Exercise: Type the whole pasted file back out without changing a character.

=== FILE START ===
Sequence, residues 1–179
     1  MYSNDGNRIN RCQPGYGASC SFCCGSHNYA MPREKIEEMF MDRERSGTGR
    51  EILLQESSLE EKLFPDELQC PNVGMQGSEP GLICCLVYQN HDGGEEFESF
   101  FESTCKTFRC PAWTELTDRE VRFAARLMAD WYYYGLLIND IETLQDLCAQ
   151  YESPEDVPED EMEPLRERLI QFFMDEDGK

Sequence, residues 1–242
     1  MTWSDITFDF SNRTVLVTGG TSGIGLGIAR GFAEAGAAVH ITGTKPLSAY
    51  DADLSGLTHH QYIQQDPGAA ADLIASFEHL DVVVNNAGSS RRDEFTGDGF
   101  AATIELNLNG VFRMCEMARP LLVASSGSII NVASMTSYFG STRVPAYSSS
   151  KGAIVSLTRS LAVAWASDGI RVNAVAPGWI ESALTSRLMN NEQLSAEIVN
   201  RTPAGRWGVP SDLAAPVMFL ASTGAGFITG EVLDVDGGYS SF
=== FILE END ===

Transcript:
Sequence, residues 1–179
     1  MYSNDGNRIN RCQPGYGASC SFCCGSHNYA MPREKIEEMF MDRERSGTGR
    51  EILLQESSLE EKLFPDELQC PNVGMQGSEP GLICCLVYQN HDGGEEFESF
   101  FESTCKTFRC PAWTELTDRE VRFAARLMAD WYYYGLLIND IETLQDLCAQ
   151  YESPEDVPED EMEPLRERLI QFFMDEDGK

Sequence, residues 1–242
     1  MTWSDITFDF SNRTVLVTGG TSGIGLGIAR GFAEAGAAVH ITGTKPLSAY
    51  DADLSGLTHH QYIQQDPGAA ADLIASFEHL DVVVNNAGSS RRDEFTGDGF
   101  AATIELNLNG VFRMCEMARP LLVASSGSII NVASMTSYFG STRVPAYSSS
   151  KGAIVSLTRS LAVAWASDGI RVNAVAPGWI ESALTSRLMN NEQLSAEIVN
   201  RTPAGRWGVP SDLAAPVMFL ASTGAGFITG EVLDVDGGYS SF